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March 12, 2014 12:04 am
The multibillion-dollar market in migrant remittances is poised for greater competition, with two London tech start-ups securing big investments from leading US venture capitalists.
WorldRemit, a four-year-old business founded by a Somali entrepreneur and a former adviser to the UN, has raised $40m from Silicon Valley group Accel Partners – the largest ‘series A’ funding round for a European financial technology business.
Competitor Azimo, founded in 2012, has closed a $10m funding round led by Greycroft Partners, and was joined by Accion’s Frontier Investments Group, eVentures and others.
These start-ups are tapping into the growing trend of mobile and online banking to try and snatch a slice of the $529bn in remittances that zip around the world each year, according to estimates from the World Bank.
They undercut traditional money transfer services such as Western Union, who command around 15 per cent of the market but pay to operate through a network of brick-and-mortar agents such as newsagents and internet cafés.
WorldRemit founder Ismail Ahmed first realised the opportunity while he was a student in Kent, working as a manual labourer during his summer holidays and sending money back to east Africa.
“I had to travel to east London to send money via an agent,” he said. “It took days to arrive and cost about 10 per cent of my salary.”
By contrast, 90 per cent of WorldRemit payments are received instantly, and users are charged a smaller percentage of the transaction – the fee could be as little as 95 euro cents. Recipients can accept the money as cash, in a bank account, as phone credit or in a mobile wallet such as Kenya’s hugely popular M-Pesa scheme.
Aside from cost and convenience, Azimo and WorldRemit say that sending money online makes it easier to reliably verify the identity of customers in an industry plagued by crime.
Around £1bn a year are laundered through money transfer businesses in the UK, according to recent government estimates. Last year, Barclays closed the accounts of around 250 money transfer companies, around 100 of which had physical storefronts, due to flaws in their security checks.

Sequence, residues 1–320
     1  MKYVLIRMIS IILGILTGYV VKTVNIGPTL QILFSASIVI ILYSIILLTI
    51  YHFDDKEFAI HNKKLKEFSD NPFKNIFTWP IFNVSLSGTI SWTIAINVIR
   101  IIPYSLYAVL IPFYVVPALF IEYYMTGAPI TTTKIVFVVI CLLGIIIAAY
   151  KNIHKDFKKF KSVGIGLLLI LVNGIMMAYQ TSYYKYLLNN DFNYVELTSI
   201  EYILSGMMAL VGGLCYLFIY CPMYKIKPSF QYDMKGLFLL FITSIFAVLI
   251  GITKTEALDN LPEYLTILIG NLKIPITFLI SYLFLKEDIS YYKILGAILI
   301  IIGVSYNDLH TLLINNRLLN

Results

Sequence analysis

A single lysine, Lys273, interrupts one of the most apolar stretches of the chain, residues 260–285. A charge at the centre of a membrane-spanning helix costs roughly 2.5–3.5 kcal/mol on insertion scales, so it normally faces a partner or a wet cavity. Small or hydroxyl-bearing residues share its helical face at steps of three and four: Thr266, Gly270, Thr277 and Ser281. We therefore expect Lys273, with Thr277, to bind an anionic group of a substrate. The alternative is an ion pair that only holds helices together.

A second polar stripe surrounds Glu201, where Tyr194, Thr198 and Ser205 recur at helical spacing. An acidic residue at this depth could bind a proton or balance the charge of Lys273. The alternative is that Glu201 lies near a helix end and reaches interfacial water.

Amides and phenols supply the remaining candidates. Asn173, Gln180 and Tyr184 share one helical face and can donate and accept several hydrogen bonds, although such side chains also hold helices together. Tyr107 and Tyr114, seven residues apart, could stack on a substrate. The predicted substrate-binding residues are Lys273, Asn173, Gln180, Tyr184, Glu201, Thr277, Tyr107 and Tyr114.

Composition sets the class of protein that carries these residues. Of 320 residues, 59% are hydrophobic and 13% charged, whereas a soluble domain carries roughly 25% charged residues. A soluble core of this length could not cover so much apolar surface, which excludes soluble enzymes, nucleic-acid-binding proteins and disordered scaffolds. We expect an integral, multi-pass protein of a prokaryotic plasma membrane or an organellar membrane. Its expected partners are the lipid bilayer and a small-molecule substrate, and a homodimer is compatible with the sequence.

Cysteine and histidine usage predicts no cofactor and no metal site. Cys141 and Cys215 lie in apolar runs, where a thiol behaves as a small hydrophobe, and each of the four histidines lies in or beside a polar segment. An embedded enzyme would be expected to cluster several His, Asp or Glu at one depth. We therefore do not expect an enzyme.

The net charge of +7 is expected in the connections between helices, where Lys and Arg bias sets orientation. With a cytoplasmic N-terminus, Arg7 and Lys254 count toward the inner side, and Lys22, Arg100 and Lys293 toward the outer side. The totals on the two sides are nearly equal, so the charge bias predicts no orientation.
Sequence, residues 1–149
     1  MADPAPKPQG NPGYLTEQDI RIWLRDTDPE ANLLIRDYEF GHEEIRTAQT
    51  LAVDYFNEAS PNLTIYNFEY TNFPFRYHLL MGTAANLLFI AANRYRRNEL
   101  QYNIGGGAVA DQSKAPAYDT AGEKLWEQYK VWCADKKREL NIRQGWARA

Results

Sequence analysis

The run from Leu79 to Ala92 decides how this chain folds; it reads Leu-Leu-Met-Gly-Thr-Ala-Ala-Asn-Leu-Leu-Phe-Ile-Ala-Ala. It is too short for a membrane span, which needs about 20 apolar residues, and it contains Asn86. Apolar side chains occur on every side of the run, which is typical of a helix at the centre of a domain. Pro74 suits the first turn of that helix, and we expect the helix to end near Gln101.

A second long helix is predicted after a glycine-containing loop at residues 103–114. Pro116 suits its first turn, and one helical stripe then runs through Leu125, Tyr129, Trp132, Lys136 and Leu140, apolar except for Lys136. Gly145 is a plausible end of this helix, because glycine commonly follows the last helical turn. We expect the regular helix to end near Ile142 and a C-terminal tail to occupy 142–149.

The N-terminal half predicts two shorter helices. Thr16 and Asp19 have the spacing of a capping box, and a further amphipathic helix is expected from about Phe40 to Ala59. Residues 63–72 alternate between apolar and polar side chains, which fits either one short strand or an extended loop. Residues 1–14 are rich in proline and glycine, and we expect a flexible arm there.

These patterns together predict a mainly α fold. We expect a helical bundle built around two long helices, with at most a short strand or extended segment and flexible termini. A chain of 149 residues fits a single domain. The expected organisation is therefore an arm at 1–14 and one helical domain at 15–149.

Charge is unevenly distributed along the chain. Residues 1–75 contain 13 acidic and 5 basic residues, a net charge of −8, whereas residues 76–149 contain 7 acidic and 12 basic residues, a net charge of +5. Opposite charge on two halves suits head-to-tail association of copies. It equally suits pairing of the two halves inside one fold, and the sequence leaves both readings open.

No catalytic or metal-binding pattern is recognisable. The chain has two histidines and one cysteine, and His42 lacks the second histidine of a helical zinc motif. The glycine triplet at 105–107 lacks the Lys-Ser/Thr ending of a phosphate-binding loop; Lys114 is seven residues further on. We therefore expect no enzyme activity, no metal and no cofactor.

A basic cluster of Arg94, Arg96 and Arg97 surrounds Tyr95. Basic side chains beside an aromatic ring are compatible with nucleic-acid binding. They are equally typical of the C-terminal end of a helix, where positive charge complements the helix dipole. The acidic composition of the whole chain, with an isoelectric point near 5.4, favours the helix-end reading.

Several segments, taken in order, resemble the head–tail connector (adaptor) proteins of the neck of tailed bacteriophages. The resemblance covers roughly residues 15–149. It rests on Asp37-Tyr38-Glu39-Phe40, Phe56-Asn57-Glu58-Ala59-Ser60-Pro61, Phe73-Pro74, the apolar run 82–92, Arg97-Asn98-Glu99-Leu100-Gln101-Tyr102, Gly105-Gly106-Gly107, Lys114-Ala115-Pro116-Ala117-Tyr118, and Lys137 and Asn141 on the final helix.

Azimo helps verify its customers by linking to their Facebook accounts, and also takes some information from Twitter.
The investments are the latest sign of growing interest in London’s financial technology companies, which includes competitors such as TransferWise, backed by PayPal founder Peter Thiel, and soon-to-launch Moni Technologies.
“London has a real advantage in finance,” said Harry Nelis of Accel. The group has already invested in London-based peer-to-peer lender Funding Circle and controversial payday loan company Wonga.
Before starting World Remit, Mr Ahmed worked with the UN remittance programme advising on compliance and money laundering in east Africa. He also has a PhD in economics from the University of London and completed his MBA at London Business School, where he first raised money through the alumni network.
One question such businesses face is whether to achieve scale by selling their technologies to big financial services institutions, or whether to go directly to consumers – which costs more but gives the company greater flexibility and a larger potential market share.
85 per cent of WorldRemit’s transactions come from existing customers, and Mr Ahmed said it takes the company around 4 to 5 months to pay back the cost of acquisition.
WorldRemit sends money to about 100 countries, while Azimo sends to 190. The companies make money from a mix of commission and the difference in foreign exchange between what they can buy in the market and what they offer customers.
WorldRemit processes around 1.3m transactions a year, with an average transaction size of £200 – which puts the total volume of transactions at around £260m. Azimo does not disclose volumes, but said the average amount sent is £420.
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